With installation of solar electricity systems these medical facilities have reduced the use of diesel generators and firewood as sources of energy thanks to funding by UNDP through its Small Grants Programme. In 2011 the solar electricity system at Lugala Lutheran Hospital in Malinyi District, Morogoro Region, collapsed after the hybrid solar photovoltaic-diesel generator was struck by lightning.
The hospital was built in 1957 and renovated and expanded in 1997 in order to meet the rising demand for health services. Under the hybrid system, solar electricity was available for 21 hours a day while the diesel generator supplied electricity for three hours when demand was at its peak.
Following the damage, the management had to run the diesel generator for eight hours a day consuming 110 lts of diesel. According to the Medical Officer In-charge, Dr Emmanuel Chogo, the use of the diesel generator thus raised carbon dioxide emissions to 244.2 kgs per day from the previous 66.6kg per day.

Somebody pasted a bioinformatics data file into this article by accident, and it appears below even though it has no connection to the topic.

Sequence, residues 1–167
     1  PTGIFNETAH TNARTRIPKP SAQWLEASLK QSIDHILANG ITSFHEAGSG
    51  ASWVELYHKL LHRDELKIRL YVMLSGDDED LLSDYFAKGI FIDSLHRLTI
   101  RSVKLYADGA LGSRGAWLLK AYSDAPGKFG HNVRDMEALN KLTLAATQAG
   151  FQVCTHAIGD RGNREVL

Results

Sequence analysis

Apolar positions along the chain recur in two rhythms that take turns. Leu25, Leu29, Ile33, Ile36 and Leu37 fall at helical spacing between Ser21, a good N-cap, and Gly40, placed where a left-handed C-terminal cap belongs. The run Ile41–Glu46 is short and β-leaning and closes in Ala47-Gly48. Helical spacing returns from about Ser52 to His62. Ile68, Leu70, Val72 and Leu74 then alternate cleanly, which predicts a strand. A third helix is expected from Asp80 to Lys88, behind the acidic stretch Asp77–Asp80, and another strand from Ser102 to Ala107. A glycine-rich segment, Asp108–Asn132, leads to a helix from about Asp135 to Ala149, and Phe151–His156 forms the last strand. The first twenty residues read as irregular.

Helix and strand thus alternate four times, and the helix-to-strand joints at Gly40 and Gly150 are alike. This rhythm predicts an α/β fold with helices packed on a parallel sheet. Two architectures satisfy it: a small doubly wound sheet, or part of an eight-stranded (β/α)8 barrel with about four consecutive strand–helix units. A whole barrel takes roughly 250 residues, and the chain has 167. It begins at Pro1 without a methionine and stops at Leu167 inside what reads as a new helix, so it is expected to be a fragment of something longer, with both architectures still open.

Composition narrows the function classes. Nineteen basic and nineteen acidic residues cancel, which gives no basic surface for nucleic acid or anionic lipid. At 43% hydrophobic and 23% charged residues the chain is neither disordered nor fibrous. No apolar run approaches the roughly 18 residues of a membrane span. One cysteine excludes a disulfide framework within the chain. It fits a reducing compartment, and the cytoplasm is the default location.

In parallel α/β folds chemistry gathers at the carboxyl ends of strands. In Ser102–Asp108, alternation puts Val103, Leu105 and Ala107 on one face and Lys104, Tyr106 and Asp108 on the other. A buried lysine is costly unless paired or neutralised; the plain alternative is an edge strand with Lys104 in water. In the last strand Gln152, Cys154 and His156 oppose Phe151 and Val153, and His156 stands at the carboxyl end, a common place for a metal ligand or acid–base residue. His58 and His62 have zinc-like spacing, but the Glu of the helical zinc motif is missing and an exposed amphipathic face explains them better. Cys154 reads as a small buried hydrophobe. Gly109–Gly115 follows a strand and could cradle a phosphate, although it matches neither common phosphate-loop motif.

“The damage to our electricity system had an impact not only to our delivery of service but also on the environment,” says Dr Chogo. In order to address the problem, the hospital applied and received a grant from the Small Grants Programme (SGP), which was used for rehabilitation and expansion of the solar system.
Currently all units of the hospital are supplied with reliable electricity from the solar system. “We have also installed two solar pumps in two wells that supply water to the hospital community. But another important thing is that we have done away with about 24,000kg of carbon dioxide that was emitted through the use of the diesel generator.